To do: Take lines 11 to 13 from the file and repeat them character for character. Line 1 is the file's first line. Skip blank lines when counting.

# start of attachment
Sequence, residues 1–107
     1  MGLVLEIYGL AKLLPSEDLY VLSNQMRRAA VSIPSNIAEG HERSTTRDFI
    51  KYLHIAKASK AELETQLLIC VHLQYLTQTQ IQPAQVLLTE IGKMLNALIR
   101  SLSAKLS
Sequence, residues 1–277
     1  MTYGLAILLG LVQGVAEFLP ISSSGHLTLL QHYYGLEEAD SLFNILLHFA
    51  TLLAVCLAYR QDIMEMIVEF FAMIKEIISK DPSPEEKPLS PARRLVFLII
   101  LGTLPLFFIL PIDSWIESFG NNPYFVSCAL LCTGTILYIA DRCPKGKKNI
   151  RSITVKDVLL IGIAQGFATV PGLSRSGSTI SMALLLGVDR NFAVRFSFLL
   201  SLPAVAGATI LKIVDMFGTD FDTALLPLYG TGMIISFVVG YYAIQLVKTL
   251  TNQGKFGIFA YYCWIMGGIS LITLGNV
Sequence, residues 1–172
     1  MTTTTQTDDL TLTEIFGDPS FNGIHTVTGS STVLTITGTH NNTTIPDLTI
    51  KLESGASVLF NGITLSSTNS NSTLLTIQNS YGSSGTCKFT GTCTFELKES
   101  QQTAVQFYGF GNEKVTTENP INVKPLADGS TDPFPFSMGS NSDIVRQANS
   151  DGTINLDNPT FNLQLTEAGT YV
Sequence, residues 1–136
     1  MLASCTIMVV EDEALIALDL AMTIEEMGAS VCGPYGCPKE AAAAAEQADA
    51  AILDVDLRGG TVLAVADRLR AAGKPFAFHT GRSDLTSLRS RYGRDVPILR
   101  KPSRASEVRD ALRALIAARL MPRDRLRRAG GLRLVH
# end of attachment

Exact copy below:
   251  TNQGKFGIFA YYCWIMGGIS LITLGNV
Sequence, residues 1–172
     1  MTTTTQTDDL TLTEIFGDPS FNGIHTVTGS STVLTITGTH NNTTIPDLTI